Bone Therapeutics has stopped a phase 3 trial of its autologous cell therapy early for futility. The data committee ruled Preob is unlikely to improve outcomes in patients with osteonecrosis, wiping 25% off Bone Therapeutics’ stock price.
Preob is an autologous osteoblastic cell therapy derived from the bone marrow of patients. Belgium’s Bone Therapeutics thought the cells could help patients with osteonecrosis, a disease arising from loss of blood to the bone. The phase 3 tested this hypothesis by randomizing patients to receive an injection of 20 million Preob cells or placebo on top of the surgical treatment for osteonecrosis.
Bone Therapeutics’ hypothesis is now in tatters. Looking at data at the halfway point of the two-year trial, an independent committee recommended stopping the study due to overwhelming evidence of the futility of the treatment. Bone Therapeutics has stopped enrollment in the study.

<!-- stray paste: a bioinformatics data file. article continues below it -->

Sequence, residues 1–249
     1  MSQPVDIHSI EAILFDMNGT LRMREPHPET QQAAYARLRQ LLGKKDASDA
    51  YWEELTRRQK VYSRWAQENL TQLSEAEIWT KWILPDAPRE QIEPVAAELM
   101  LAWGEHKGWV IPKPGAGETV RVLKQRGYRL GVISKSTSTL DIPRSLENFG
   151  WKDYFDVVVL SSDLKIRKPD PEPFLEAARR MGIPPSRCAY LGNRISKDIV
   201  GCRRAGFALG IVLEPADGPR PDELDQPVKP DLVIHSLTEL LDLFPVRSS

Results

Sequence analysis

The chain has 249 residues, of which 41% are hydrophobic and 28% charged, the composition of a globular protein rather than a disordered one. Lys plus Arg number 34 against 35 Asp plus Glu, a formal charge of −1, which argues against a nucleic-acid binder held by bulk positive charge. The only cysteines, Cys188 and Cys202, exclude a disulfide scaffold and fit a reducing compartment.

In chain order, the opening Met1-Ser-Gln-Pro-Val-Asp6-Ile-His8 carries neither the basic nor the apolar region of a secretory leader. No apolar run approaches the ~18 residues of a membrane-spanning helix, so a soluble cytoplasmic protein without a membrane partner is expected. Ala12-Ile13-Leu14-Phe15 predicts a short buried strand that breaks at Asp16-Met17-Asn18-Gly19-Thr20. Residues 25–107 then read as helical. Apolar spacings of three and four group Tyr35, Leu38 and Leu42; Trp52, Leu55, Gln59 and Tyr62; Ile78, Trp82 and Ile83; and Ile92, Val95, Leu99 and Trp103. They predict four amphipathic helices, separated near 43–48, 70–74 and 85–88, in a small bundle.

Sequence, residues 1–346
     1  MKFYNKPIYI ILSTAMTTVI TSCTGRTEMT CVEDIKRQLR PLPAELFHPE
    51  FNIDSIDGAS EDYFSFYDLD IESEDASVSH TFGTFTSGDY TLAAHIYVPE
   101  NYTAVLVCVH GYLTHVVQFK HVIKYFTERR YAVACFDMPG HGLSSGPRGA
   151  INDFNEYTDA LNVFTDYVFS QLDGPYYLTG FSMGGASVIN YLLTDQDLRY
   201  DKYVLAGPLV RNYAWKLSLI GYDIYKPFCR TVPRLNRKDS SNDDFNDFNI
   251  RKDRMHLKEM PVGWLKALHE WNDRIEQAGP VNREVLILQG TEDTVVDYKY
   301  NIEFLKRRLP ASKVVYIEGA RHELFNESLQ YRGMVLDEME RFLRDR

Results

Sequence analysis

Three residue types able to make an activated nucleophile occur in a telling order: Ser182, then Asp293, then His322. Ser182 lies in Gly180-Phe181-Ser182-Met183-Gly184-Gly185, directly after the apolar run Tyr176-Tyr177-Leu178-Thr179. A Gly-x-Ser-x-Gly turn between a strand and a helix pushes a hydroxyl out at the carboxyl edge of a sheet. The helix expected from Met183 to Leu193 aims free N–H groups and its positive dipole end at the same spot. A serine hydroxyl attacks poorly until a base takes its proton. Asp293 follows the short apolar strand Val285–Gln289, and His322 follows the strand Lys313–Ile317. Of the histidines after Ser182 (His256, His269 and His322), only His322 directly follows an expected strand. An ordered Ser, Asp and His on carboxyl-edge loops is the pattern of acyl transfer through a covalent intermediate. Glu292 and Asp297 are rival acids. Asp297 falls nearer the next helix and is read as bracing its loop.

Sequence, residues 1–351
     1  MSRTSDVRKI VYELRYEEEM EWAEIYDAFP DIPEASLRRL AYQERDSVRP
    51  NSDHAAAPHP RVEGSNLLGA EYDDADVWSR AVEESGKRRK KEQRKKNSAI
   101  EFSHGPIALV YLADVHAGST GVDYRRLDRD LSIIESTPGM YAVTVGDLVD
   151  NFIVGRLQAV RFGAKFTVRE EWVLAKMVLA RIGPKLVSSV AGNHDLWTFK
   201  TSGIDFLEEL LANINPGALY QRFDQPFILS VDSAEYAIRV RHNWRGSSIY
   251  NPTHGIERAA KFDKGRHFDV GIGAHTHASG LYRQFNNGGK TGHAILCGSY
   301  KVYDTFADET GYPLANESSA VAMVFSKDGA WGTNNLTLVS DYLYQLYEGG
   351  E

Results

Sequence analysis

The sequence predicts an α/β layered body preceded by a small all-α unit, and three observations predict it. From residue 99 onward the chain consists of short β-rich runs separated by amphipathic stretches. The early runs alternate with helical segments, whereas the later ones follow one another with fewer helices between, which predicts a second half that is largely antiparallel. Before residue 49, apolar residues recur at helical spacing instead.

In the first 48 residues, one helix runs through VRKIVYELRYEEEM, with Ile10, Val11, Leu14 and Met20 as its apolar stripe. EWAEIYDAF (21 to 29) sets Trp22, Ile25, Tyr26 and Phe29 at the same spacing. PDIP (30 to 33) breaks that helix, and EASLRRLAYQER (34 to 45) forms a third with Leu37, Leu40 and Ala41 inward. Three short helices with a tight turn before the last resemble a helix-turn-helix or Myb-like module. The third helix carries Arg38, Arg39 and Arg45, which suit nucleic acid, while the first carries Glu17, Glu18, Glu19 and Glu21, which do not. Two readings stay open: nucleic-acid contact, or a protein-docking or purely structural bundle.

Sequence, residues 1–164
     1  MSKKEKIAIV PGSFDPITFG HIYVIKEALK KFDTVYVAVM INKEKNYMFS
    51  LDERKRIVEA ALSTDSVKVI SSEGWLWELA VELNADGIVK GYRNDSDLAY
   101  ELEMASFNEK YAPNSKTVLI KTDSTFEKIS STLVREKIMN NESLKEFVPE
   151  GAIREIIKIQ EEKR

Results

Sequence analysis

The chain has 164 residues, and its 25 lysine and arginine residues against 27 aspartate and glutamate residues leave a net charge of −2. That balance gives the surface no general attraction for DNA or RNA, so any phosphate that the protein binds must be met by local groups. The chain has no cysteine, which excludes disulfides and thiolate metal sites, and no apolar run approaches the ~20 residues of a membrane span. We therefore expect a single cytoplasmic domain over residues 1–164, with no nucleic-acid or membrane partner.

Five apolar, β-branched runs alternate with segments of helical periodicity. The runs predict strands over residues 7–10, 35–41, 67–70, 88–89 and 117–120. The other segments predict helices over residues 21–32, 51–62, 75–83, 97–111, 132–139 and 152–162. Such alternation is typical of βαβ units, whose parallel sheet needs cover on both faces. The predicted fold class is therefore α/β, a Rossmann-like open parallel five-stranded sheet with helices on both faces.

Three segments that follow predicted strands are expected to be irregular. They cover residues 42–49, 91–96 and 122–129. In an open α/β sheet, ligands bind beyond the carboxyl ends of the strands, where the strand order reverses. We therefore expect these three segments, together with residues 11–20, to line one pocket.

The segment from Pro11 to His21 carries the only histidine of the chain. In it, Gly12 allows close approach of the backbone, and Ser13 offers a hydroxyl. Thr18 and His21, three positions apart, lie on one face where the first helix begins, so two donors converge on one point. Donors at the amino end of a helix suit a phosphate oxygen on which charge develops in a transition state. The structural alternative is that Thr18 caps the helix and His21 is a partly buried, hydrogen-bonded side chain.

The setback sent shares in Bone Therapeutics spiraling downward and wiped out a near-term sales opportunity. However, the situation could have been worse. Bone Therapeutics had planned to run a phase 2b/3 trial of Preob in the U.S. but scrapped that idea two years ago as part of a partial pivot toward allogeneic cell therapy Allob. By then, Allob had already superseded Preob in osteoporosis.
With Preob floundering in phase 3, off-the-shelf cell therapy Allob is now taking center stage at Bone Therapeutics. Allob successfully completed a phase 1/2a delayed-union fracture trial in September but progress into phase 2b is on hold while Bone Therapeutics industrializes its production process.
The manufacturing changes have pushed back the start of the phase 2b until the second half of next year. By then, Bone Therapeutics should have published phase 2a data on Allob in spinal fusion. Bone Therapeutics is due to run out of money at the end of the third quarter of 2019.